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Woodworking blog entries tagged with 'joinery'

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View daiku1's profile

Woodworking Books to add to your collection #2: Woodwork Joints - Charles H. Hayward

01-01-2008 04:52 AM by daiku1 | 1 comment »

I found this book by accident, and I would urge you to do the same. If you are a joinery junkie like me, this is a must have. I love the hand drawn illustrations in the book. You will learn about alot of techniques that will never show up in your average woodworking magazine article. Very much oriented toward handtool users.I have the hard cover from 1972, published by Drake, ISBN 87749-042-2. Great examples of jigs for improved hand work. Also, where else can you find pictures of peo...

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View frank's profile

"Hobbit Holes in MyWorld" --by RusticWoodArt #53: Barn Cat in Training and More....

08-10-2009 04:06 AM by frank | 12 comments »

Barn Cat in Training and More…. I might as well introduce a new member in my barn and tell you some of her history. To start out with it might also help if I was to explain that the barn you are seeing here is an English Barn dated from around 1780. My wife and I started gutting this barn back in 2000 and then while I was on the road most of that winter, she along with a crew took the barn down in about a weeks time after numbering all the bents. Next after taking a year to get o...

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View A Slice of Wood Workshop's profile

Time Saving Mortises!

04-02-2016 06:40 PM by A Slice of Wood Workshop | 0 comments »

Create mortises quickly!

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View Gary Rogowski's profile

A Strategy for Woodworking #4: Forgiveness

06-26-2014 08:06 PM by Gary Rogowski | 3 comments »

Human all too human to quote Fred N. Yes we makers are too human. We’re too ready to find error in our work. The voice in our head keeps repeating: Not good enough, not perfect enough. We are always so ready to point out our mistakes, to find the tiniest of errors. When our client never sees them. When another maker doesn’t see them nor care. They see the whole, the entire piece and they’re delighted. So I say, keep your standards high but learn to forgive yourself for your errors that no ...

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View David's profile

Steamed Cherry Display Shelf - UPDATE

05-26-2007 08:22 AM by David | 13 comments »

I just completed the cherry display shelves being built for some close friends in Central Oregon. This shelf will be used to display works of art in thier gallery. The display shelf is built from steamed cherry and cherry plywood with pocket screw construction. Dimensions are 18 inches square and 5 feet tall. The finish is 4 coats of hand rubbed tung oil and 2 coats of wax. Ready for finish Hole drilling jig for glass shelf supports Drilling shelf support holes Drill, insty drill ...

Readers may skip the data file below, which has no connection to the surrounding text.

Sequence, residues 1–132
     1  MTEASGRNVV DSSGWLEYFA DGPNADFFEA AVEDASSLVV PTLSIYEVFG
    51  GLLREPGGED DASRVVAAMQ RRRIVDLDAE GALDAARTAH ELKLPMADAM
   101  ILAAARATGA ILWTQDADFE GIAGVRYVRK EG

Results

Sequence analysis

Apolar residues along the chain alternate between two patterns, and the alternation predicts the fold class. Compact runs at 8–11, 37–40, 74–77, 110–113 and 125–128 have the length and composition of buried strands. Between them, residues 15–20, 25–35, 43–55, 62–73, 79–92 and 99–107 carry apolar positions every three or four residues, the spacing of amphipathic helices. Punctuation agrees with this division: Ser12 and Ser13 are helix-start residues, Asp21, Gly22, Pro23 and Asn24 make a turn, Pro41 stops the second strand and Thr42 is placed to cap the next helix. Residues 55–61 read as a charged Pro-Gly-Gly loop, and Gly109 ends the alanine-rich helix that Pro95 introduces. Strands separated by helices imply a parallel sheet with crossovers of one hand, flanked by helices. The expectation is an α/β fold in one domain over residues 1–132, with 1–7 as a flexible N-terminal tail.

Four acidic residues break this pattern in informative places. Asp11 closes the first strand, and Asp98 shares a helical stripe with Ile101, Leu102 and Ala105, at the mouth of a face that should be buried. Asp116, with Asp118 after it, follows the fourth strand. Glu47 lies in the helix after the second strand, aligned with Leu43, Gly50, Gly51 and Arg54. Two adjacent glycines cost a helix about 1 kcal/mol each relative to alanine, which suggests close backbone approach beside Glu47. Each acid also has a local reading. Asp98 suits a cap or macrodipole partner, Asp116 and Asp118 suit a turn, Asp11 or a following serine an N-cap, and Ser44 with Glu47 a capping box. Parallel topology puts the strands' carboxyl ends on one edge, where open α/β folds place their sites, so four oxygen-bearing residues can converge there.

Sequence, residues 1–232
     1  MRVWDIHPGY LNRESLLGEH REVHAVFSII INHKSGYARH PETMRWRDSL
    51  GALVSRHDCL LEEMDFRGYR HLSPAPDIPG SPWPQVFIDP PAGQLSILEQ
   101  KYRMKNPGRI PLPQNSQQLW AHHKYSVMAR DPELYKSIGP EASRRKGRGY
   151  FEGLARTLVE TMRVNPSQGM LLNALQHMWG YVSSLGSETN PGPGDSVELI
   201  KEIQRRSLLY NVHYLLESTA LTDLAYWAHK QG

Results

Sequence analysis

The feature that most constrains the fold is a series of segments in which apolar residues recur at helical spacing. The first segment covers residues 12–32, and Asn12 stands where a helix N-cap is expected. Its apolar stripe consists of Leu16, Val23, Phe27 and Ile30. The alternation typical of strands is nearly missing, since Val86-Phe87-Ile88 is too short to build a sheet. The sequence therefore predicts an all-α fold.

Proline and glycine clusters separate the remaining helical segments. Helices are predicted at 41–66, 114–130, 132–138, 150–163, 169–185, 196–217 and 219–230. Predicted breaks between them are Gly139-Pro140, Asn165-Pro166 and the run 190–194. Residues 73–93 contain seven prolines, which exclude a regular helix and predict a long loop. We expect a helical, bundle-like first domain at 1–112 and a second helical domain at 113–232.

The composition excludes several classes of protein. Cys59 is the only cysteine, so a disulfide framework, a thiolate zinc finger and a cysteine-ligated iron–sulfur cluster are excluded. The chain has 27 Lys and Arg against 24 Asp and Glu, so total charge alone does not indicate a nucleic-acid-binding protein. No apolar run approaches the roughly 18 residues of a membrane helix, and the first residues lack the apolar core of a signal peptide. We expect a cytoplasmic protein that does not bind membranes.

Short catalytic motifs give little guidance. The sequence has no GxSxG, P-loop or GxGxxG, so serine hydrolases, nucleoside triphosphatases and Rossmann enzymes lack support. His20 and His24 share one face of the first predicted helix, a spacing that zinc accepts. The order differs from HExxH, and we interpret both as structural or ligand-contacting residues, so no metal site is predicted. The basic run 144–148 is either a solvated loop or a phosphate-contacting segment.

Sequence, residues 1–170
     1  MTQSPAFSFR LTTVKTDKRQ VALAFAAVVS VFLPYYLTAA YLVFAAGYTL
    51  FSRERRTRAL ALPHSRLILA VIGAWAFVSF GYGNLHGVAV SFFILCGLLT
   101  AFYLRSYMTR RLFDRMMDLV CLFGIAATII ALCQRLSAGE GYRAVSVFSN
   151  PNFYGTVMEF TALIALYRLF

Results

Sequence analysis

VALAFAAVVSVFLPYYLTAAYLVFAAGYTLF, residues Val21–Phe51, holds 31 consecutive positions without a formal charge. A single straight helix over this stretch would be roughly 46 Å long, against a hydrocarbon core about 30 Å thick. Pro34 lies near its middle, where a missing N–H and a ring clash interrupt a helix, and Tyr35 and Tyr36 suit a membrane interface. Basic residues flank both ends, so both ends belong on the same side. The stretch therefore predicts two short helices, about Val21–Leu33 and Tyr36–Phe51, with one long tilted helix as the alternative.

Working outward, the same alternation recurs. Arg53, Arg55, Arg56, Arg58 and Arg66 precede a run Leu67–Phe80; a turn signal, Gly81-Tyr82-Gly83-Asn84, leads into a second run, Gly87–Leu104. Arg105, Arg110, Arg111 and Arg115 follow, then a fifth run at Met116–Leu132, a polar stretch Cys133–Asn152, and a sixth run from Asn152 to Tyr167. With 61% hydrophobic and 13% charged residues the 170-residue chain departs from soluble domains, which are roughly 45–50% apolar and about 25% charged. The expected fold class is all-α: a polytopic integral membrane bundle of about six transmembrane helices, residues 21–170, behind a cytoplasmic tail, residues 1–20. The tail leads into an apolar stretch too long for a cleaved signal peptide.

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View A Slice of Wood Workshop's profile

Layout and Cut Tenons with ease!

04-09-2016 03:26 AM by A Slice of Wood Workshop | 0 comments »

After the mortise video, I had a few questions about how to create the tenon. Here is my version.

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View pastorglen's profile

Tool Cabinet

01-14-2011 04:35 AM by pastorglen | 5 comments »

A friend of mine works for a lumber company that trims the ends of their kiln dried wood. The scrap pile is periodically burned, so employees are permitted to take home whatever they want from the scrap pile. My friend uses this wood to heat his house. Last year he shared a good load with me, and from those scraps I built this tool cabinet. Hand-cut joinery, hand-planed raised panel. Working on a pair of drawers and the finish. My only problem is trying to figure out how to ...

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View WoodWorkLIFE's profile

Handtool Basics #5: Who is the KING of the Butt Joint?

01-22-2018 07:58 PM by WoodWorkLIFE | 0 comments »

Hey Guys, I did a quick little deep dive into the ins and outs of common butt joint techniques. I looked at biscuits, Mortise and Tenons (both hand cut and machine cut) Festool Domino Floating Tenons, and the Kreg Jig. I broke down how long it takes to make these joints, how consistent they come out, how easy and repeatable they are, and how strong each joint is. I break down (with lots of data) how much they cost in both money and time invested into each joint from the perspective of a...

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View che's profile

Next Project - Music Box

06-20-2007 06:19 PM by che | 1 comment »

I’m going to try and enter my next project into the wood joinery contest. I’m going to try and modify the Rockler music box plan to satisfy the wood joinery requirements. I think the challenge is going to be the sides. So I’m looking for ideas on how to joint the sides. They call for simple miter joints but that won’t work for the wood joinery contest. Please comment with any ideas. http://images.rockler.com/rockler/images/41898-md.jpg This picture shows a glass ...

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View Gary Rogowski's profile

A Strategy for Woodworking #5: The Fit Again

07-01-2014 05:40 PM by Gary Rogowski | 1 comment »

In joinery the fit of your pieces is like the fit of your shoes on your feet. If you can toss your shoes off your feet as you hit the couch, too loose. If you shoe horn them in, perfect. A good fitting joint fits snug. No pounding together but it shouldn’t fall apart either. It’s a balance you learn to achieve by sneaking up on it. Learn to use your shoulder plane and you’ll be happy no matter how you cut a tenon joint. Finesse the fit. The Northwest Woodworking Studio

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